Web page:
Israel hints it could hit Iran’s ‘air force’ in Syria إسرائيل تلمح إلى احتمال ضرب قوات إيران الجوية في سوريا
Spotting Iranian planes suspected of transferring arms in Syria, Israel signals readiness to attack shipments should they pose a threat to national security.
Israel released details on Tuesday about what it described as an Iranian “air force” deployed in neighboring Syria, including civilian planes suspected of transferring arms, a signal that these could be attacked should tensions with Tehran escalate.
Iran, along with Damascus and its big-power backer Russia, blamed Israel for an April 9 air strike on a Syrian air base, T-4, that killed seven Iranian Revolutionary Guards Corps (IRGC) members. Iranian officials have promised unspecified reprisals.
Israeli media ran satellite images and a map of five Syrian air bases allegedly used to field Iranian drones or cargo aircraft, as well as the names of three senior IRGC officers suspected of commanding related projects, such as missile units. The information came from the Israeli military, according to a wide range of television and radio stations and news websites. Israel’s military spokesman declined to comment.
However, an Israeli security official seemed to acknowledge the leak was sanctioned, telling Reuters that it provided details about “the IRGC air force (which) the Israeli defense establishment sees as the entity that will try to attack Israel, based on Iranian threats to respond to the strike on T-4.” The official, who requested anonymity, would not elaborate. Army Radio reported that, given tensions with Iran over Syria, the Israeli air force cancelled plans to send F-15 fighter jets to take part in the US-hosted exercise Red Flag, which begins on April 30.
Roni Daniel, military editor for Israeli TV station Mako, said the disclosure was a signal to Iran that its deployments in Syria “are totally exposed to us, and if you take action against us to avenge (the T-4 strike) these targets will be very severely harmed”. According to Daniel, Israel was bracing for a possible Iranian missile salvo or armed drone assault from Syria. There was no immediate response from the IRGC or Syria. The Iranian death toll in T-4 was unusually high. “It was the first time we attacked live Iranian targets—both facilities and people,” the New York Times on Sunday quoted an Israeli military source as saying.
Iran, Israel’s arch-foe, has cast its military personnel in Syria as reinforcements helping President Bashar al-Assad battle a seven-year-old insurgency. The Iranians have also described their cargo flights to Syria as carrying humanitarian aid only. An Israeli-Iranian showdown over Syria has loomed since Feb. 10, when Israel said an armed drone launched from T-4 penetrated its air space. Israel blew up the drone and carried out a raid on Syrian air defences in which one of its F-16 jets was downed.
“Israel is headed for escalation,” Yaacov Amidror, former national security adviser to Israeli Prime Minister Benjamin Netanyahu, told Tel Aviv radio station 103 FM. “There could be a very big belligerent incident with Iran and Hezbollah.”While not claiming responsibility for the T-4 strike, Israel has restated a policy of preventing Iran setting up a Syrian garrison. Scores of previous such raids went unanswered but Israel worries that changing conditions may now embolden Iran.
Russia, which long turned a blind eye to Israeli actions in Syria while serving as a brake on retaliation by Iran or its Lebanese Hezbollah guerrilla allies, is now at loggerheads with Western powers over accusations, denied by Syria’s government, that it has used chemical weaponry in fighting.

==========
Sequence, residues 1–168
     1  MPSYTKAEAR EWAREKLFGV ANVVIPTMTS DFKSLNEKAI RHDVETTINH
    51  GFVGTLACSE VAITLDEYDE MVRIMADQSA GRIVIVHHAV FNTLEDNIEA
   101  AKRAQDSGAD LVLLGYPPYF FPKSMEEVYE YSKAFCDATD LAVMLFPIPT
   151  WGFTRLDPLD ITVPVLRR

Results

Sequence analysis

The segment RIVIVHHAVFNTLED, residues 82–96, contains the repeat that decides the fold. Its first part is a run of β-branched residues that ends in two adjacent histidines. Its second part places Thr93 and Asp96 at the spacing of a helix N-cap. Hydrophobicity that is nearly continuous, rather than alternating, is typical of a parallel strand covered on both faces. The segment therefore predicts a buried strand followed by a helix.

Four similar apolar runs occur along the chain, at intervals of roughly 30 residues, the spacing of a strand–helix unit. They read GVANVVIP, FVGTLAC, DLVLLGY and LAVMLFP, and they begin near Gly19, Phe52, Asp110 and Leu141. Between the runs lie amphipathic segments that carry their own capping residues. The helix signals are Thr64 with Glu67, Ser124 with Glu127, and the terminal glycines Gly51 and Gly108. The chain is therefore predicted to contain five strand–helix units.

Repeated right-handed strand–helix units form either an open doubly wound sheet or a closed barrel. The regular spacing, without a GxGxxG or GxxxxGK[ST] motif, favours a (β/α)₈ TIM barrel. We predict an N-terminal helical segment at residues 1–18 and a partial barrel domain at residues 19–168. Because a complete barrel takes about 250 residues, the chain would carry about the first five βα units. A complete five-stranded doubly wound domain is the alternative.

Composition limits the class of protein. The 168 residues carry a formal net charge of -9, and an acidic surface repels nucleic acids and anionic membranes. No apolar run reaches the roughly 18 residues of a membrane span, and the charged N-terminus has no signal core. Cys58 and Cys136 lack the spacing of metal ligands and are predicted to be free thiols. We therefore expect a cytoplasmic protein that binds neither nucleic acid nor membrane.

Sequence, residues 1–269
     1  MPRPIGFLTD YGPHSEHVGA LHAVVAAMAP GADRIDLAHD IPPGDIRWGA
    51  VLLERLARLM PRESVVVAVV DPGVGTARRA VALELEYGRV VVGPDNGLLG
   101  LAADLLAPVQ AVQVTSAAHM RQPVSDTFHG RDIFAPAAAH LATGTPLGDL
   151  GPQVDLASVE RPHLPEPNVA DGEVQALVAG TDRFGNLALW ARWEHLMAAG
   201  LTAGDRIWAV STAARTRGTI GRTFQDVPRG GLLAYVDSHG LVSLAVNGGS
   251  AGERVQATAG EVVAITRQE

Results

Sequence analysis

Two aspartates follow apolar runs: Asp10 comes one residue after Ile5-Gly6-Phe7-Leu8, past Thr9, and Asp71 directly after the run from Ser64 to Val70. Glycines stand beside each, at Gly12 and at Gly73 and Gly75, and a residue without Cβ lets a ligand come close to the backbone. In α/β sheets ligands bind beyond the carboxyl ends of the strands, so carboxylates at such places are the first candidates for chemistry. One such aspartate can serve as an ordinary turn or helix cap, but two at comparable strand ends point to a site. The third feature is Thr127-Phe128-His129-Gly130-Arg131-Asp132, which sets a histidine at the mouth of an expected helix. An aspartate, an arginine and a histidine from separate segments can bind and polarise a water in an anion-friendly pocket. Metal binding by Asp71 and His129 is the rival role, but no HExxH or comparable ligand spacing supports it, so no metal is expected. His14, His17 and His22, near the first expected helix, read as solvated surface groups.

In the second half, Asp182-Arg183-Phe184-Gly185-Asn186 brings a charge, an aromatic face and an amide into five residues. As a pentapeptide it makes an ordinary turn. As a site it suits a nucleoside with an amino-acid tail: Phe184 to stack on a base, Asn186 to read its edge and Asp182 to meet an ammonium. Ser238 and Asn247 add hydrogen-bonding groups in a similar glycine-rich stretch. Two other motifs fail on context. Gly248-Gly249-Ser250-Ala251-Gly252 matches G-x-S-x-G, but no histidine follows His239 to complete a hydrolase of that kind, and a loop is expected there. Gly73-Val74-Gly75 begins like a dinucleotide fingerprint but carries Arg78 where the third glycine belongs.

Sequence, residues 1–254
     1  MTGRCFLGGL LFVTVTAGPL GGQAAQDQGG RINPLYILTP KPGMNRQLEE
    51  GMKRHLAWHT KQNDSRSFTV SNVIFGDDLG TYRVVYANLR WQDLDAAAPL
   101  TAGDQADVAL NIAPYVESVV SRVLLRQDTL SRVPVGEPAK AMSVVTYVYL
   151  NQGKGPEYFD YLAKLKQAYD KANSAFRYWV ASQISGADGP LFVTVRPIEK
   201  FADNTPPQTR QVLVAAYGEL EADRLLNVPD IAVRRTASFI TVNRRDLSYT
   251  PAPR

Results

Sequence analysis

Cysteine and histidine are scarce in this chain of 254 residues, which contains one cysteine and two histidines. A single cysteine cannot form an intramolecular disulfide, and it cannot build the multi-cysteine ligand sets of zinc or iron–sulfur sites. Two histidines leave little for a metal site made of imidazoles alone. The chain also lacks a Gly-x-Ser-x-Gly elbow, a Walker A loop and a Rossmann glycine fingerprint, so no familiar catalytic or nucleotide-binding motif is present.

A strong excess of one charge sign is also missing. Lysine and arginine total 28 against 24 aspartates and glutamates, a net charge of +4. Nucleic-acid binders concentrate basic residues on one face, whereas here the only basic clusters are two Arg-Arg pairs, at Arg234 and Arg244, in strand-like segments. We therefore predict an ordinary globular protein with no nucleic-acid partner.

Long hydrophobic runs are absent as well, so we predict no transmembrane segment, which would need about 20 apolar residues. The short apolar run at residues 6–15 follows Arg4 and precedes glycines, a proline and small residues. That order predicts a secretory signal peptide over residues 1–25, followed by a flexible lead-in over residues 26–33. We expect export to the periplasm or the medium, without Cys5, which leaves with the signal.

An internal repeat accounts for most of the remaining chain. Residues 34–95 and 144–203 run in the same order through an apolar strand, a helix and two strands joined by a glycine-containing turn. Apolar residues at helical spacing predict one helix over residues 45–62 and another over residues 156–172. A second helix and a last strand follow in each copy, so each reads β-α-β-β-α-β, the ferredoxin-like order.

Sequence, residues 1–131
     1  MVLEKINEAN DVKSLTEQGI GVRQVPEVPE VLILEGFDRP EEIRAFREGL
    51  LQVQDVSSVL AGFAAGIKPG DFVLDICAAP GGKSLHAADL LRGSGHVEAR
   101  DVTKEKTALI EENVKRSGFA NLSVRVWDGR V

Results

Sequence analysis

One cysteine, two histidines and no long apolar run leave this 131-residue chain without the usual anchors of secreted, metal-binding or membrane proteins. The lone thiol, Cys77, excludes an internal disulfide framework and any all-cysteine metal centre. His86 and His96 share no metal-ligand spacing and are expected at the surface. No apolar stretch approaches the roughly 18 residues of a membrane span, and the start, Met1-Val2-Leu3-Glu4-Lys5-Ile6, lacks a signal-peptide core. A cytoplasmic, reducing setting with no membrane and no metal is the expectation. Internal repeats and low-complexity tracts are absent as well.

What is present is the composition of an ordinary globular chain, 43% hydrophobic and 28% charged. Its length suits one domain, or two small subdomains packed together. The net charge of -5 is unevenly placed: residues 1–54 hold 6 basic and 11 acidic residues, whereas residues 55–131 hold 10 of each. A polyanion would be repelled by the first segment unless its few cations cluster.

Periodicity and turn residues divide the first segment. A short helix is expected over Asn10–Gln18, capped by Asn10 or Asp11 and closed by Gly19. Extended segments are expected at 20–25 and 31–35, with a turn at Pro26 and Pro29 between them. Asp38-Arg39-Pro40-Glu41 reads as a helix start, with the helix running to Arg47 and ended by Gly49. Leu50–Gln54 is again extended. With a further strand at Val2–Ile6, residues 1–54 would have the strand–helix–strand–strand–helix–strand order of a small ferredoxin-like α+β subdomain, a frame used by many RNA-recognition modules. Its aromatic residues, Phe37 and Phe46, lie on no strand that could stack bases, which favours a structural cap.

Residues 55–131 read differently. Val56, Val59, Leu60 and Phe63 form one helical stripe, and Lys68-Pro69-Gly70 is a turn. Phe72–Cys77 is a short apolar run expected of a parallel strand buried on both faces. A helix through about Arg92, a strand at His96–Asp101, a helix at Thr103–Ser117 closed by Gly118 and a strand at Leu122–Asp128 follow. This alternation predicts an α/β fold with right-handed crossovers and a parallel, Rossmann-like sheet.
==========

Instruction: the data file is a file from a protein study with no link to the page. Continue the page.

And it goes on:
Escalating war of words pushes IDF and Rev Guards closer to clash in Syria تصاعد التهديدات الكلامية المتبادلة بين إسرائيل وإيران قد تؤدي إلى حرب بينهما في سوريا
An unusual IDF communique Tuesday, April 17, divulged details of Iran’s UAV bases in Syria and named their commanders, while the threats traded between them gained volume. These disclosures and their tone stood in marked contrast to the Israeli government and security chiefs’ strange silence and passive acquiescence to Tehran’s steady buildup of its military assets in Syria during the past two years. The information now released, much of it available to DEBKA’s readers in the past, attests to the growing conviction among Israel’s strategic leaders that Iran’s Revolutionary Guards (IRGC) are on the point of a military operation to punish Israel for its April 9 air attack on the SyrianT-4 airbase, which left eight IRGC aerospace officers dead, including Col. Mehdi Dehgan Yazdeli. The IDF is finally leveling on the threat so as to prepare the Israeli public for what looks like an inevitable military clash with Iran.
A leak to the New York Times and Israeli media on Monday incorrectly defined the T-4 strike as Israel’s first live attack on Iranian commanders. In fact, the Israeli air force struck a group of Iranian commanders on a secret visit to Quneitra opposite Israel’s Golan border on Jan. 18, 2015, killing two Iranian generals, Mohammad Ali Allah Dadi and Abu Ali al-Tabtabani. And in the following year, on July 26, an Israeli rocket attack aimed at and missed another secret visitor to Quneitra, Iranian Gen. Mohammad-Reza Naghdi.
Al Qods chief Gen. Qassem Soleimani is leading the preparations for the first direct Iranian assault on Israel, not just by proxy. Soleimani is the overall commander of Iran’s Middle East warfronts.
Iranian air force units in Syria are gearing up for the attack.
Military Il-76 freight planes, disguised as Iranian Simorgh Air and Pouya Air commercial flights, are ferrying military equipment into Syria. The IRGC air fleet is spread out in four Syrian bases outside Aleppo, Saiqal, Damascus and T-4 near Homs.